Queen Coal? Why Remember Women in Post-War Mining Communities
Women In Their Own Words
These quotes from women are recorded in a local history publication
Mobile Memories, Looking back and forward. (Edited by Ian Clayton, Yorkshire Art Circus, 1989)
"Friday morning was much morning. Black leading was done then, with Reckitts Zebra which came in a tin, You’d brush it on the fireplace – happen missed with a bit of paraffin- leave it to dry, then brush it off again, that’s when you needed elbow grease. Then you’d go round with a bit of velvet to finish it off, it came up lovely. You did you steel edging with emery and brasso."
"If you did all your steps and scouring first, neighbours would think you were done inside. We used tins of mansion polish. Houses smelt much sweeter when you’d done a job than they do these days with fitted carpets."
"When you got your work done on a Friday it was lovely. All your windows sills and steps scoured. You never heard tell of women having nervous breakdowns. There was always too much to do."
"Mother used to send me with a few rags to exchange for some donkey stone. She used to say’ Make sure you get yellow and not white"
The extracts below are the words of women reprinted as accompanying text in a photography book World Famous Round Here the Photographs of Jack Hulme (Edited by Richard Van Riel, Olive Fowler, Harry Malkin, Yorkshire Art Circus in association with Wakefield Metropolitan District Council, 1990)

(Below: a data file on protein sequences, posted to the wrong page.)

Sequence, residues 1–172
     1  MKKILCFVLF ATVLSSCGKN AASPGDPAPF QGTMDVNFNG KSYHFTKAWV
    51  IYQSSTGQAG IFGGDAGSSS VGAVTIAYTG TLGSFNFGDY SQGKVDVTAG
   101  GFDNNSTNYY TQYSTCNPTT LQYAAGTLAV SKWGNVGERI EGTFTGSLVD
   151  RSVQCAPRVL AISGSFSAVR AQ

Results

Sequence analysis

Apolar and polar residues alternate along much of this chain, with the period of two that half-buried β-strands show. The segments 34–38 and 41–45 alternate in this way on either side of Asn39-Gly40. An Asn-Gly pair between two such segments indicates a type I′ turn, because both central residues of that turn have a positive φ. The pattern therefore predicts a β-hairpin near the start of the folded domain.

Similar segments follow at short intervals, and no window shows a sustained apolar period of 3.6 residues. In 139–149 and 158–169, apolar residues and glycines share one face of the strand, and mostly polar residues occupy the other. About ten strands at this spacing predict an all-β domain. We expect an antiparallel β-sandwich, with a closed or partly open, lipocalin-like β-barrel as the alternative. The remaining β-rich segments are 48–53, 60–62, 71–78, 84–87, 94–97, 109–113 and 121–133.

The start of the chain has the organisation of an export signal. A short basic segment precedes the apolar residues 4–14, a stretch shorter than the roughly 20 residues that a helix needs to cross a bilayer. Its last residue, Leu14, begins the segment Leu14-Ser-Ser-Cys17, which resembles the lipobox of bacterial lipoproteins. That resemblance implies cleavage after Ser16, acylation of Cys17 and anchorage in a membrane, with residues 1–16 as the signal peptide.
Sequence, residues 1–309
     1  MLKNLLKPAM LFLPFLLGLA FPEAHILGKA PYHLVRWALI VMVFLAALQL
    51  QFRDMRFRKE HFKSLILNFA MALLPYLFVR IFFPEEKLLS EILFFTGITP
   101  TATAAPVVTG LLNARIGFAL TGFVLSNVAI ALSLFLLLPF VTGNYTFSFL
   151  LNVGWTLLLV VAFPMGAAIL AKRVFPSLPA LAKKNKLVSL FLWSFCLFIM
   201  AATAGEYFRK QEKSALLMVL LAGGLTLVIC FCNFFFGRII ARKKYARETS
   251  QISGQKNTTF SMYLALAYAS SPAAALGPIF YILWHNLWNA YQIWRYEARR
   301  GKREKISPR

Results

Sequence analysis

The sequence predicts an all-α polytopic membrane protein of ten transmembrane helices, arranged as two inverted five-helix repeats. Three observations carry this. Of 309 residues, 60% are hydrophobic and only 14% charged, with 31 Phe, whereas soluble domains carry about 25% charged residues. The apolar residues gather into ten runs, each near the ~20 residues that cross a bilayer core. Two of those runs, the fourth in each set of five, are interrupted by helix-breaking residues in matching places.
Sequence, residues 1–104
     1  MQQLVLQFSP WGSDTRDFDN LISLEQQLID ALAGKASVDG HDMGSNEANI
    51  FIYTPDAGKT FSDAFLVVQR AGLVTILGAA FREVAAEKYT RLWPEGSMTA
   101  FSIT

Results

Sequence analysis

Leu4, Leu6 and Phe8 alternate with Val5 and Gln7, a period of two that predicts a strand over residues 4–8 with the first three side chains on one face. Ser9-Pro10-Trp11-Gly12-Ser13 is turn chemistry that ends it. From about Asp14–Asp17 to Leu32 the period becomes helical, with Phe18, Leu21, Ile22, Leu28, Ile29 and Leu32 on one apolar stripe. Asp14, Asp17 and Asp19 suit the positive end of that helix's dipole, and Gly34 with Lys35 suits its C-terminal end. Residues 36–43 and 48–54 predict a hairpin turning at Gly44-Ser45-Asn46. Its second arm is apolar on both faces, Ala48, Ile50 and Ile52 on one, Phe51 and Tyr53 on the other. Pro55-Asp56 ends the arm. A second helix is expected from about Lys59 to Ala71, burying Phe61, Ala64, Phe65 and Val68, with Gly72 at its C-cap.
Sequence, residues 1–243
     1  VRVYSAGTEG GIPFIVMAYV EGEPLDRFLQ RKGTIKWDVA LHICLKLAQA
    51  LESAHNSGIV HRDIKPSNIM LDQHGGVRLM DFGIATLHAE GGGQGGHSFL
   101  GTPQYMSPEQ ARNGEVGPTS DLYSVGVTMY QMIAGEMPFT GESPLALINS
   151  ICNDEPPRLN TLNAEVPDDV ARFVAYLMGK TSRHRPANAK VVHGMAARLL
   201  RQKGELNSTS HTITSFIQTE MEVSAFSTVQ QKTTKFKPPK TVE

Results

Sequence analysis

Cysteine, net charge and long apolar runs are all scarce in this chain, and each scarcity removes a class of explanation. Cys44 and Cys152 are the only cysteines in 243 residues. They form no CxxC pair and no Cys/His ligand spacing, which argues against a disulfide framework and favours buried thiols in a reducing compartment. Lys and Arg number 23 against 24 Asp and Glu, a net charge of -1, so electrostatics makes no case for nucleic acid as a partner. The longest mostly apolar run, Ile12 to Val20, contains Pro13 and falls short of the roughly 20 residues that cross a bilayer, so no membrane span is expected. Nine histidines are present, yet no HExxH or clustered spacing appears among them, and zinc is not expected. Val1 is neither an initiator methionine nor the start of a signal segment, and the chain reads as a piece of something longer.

"Turbans in my day were worn by most young lasses be it for work purposes, or as a lot of us did, for covering a head full of rollers. Putting on a turban became quite a skill. Some had no idea while others did them really neat."
"There were no thoughts or ideas of girls going into further education- just the idea of girls taking exams was seen as a waste of time."
"Girls generally went to school, got a job, got married and had kids. That was the overall thought at the time."
Coal News was a magazine produced on a monthly basis for miners and their families by the National Coal Board.
- Read the four extracts from Coal News
- What can you learn from these documents about the life and concerns of the housewife from a mining community?
- Does the evidence you have gathered from this source change the view you have formed of the miner's wife?
To read more quotes from women download the worksheet of extracts 'Post-War women in their own words'